Intrauterine devices (IUD)

Also known as: Mirena and ParaGard


An intrauterine device (IUD) is a small plastic T-shaped device used for birth control. It is inserted into the uterus where it stays to prevent pregnancy.


An IUD is usually inserted by your health care provider during your monthly period. Either type can be inserted quickly and easily in the provider's office or clinic.

  • The provider slides a plastic tube containing the IUD through the vagina and into the uterus.
  • Using a plunger in the tube, the provider pushes the IUD into the uterus.
  • The provider removes the tube, leaving two small strings that dangle outside the cervix within the vagina.

The strings have two purposes:

  • They let the provider or woman check that the IUD stays properly in position.
  • They are used to pull the IUD out of the uterus when it is time to remove it. This should only be done by a health care provider.

This procedure can cause discomfort and pain, but not all women have the same side effects. During insertion, you may feel:

  • Little pain and some discomfort
  • Cramping and pain
  • Dizzy or light-headed

Some women have cramps and backaches for 1 to 2 days after insertion. Other may have cramps and backaches for weeks or months. Over-the-counter pain relievers can ease the discomfort.

Why the Procedure is Performed

IUDs are an excellent choice if you want:

  • A long-term and effective birth control method
  • To avoid risks and side effects of contraceptive hormones

But you should learn more about IUDs when deciding if you want to get an IUD.

An IUD can prevent pregnancy for 3 to 10 years. Exactly how long the IUD will prevent pregnancy depends on the type of IUD you are using.

IUDs can also be used as an emergency contraception. It must be inserted within 5 days of having unprotected sex.


While uncommon, IUDs carry some risks:

  • There is a small chance of getting pregnant while using an IUD. If you do get pregnant, your provider can remove the IUD to lower the risk of miscarriage or other problems.
  • A higher risk of an ectopic pregnancy, but only if you do get pregnant while using an IUD. An ectopic pregnancy is one that occurs outside the womb. It can be serious, even life-threatening.
  • A rare chance the IUD may make a hole in the uterine wall when it is inserted.

Before the Procedure

Talk with your provider about whether an IUD is a good choice for you.

Also ask your provider:

  • What you can expect during the procedure
  • What your risks might be
  • What you should watch for after the procedure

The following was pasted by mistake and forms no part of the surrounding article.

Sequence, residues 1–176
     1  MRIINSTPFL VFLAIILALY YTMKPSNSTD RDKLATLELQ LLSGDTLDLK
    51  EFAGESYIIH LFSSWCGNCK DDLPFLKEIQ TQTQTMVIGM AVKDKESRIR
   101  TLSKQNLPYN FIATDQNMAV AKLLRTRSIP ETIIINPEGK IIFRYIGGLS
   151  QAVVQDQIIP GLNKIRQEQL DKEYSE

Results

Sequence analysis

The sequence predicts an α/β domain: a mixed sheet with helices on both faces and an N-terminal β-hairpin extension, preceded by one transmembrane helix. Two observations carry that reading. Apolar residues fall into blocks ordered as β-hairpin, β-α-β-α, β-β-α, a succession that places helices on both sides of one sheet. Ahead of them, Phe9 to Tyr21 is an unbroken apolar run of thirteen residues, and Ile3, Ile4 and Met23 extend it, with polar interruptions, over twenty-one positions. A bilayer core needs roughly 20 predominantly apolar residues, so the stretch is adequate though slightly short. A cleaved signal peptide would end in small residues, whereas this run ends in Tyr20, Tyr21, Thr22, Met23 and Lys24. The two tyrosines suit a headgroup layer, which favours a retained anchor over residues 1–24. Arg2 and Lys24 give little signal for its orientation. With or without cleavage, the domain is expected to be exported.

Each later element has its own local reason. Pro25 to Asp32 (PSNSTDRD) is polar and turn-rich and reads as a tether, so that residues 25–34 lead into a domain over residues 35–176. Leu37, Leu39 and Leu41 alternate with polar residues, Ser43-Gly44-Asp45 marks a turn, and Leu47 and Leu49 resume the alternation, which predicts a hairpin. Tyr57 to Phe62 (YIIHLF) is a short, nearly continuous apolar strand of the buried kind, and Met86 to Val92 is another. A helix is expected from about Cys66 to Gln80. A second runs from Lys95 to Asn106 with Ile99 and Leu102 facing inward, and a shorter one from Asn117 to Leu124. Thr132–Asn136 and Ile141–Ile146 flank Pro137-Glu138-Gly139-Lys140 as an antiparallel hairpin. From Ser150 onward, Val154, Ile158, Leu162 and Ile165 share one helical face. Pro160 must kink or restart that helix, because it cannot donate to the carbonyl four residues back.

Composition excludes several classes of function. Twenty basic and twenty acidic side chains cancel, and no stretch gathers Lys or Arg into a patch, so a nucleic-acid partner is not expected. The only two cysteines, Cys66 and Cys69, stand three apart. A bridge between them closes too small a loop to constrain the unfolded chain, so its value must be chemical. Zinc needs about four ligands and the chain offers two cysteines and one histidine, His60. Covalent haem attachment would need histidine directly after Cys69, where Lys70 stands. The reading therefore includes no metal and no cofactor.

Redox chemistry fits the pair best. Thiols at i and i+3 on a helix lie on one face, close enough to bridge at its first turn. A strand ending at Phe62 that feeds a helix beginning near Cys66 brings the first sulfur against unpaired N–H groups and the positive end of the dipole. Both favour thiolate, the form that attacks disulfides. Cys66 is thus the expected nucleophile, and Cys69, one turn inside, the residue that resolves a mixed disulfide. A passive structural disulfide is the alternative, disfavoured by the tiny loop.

For the most part, an IUD can be inserted at any time:

  • Right after giving birth
  • After an elective or spontaneous miscarriage

If you have an infection, you should NOT have an IUD inserted.

Your provider may advise you to take an over-the-counter painkiller before getting the IUD inserted. If you are sensitive to pain in your vagina or cervix, ask for a local anesthetic to be applied before the procedure starts.

After the Procedure

You may want to have someone drive you home after the procedure. Some women have mild cramping, low backache, and spotting for a couple of days.

If you have a progestin-releasing IUD, it takes about 7 days for it to start to work. You do not need to wait to have sex. But you should use a backup form of birth control, such as a condom, for the first week.

Your provider will want to see you 4 to 6 weeks after the procedure to be sure the IUD is still in place. Ask your provider to show you how to check that the IUD is still in place, and how often you should check it.

An IUD can slip partly or all of the way out of your uterus. If this happens, contact your health care provider right away. Do NOT try to remove an IUD that has come part of the way out or has slipped out of place.

Call your health care provider right away if you have:

  • Flu-like symptoms
  • Fever
  • Chills
  • Cramps
  • Pain, bleeding, or fluid leaking from your vagina


American College of Obstetricians and Gynecologists. ACOG Practice Bulletin No. 121: Long-acting reversible contraception: Implants and intrauterine devices. Obstet Gynecol. 2011 Jul;118(1):184-96. PMID: 21691183

Association of Reproductive Health Professionals. Copper T IUD. Available at: Accessed September 27, 2014.

Association of Reproductive Health Professionals. Hormonal IUD. Available at: Accessed September 27, 2014.

Centers for Disease Control and Prevention (CDC), Division of Reproductive Health, National Center for Chronic Disease Prevention and Health Promotion. U.S. Selected Practice Recommendations for Contraceptive Use, 2013: adapted from the World Health Organization selected practice recommendations for contraceptive use, 2nd edition. MMWR Recomm Rep. 2013 Jun 21;62(RR-05):1-60. PMID: 23784109

Cleland K, Raymond E, Westley E, Trussel J. Emergency contraception review: Evidence-based recommendations for clinicians. Clin Obstet Gynecol. 2014 Sep 24. PMID: 25254919

Winner B, Peipert JF, Zhao Q, Buckel C, Madden T, Allsworth JE, et al. Effectiveness of long-acting reversible contraception. N Engl J Med. 2012 May 24;366(21):1998-2007. PMID: 22621627

Yoost J. Understanding benefits and addressing misperceptions and barriers to intrauterine device access among populations in the United States. Patient Preference and Adherence. 3 July 2014;8:947-57. PMID: 25050062

Review date:
February 12, 2014
Reviewed by:
Irina Burd, MD, PhD, Assistant Professor of Gynecology and Obstetrics at Johns Hopkins University School of Medicine, Baltimore, MD. Review provided by VeriMed Healthcare Network. Also reviewed by David Zieve, MD, MHA, Isla Ogilvie, PhD, and the A.D.A.M. Editorial team.
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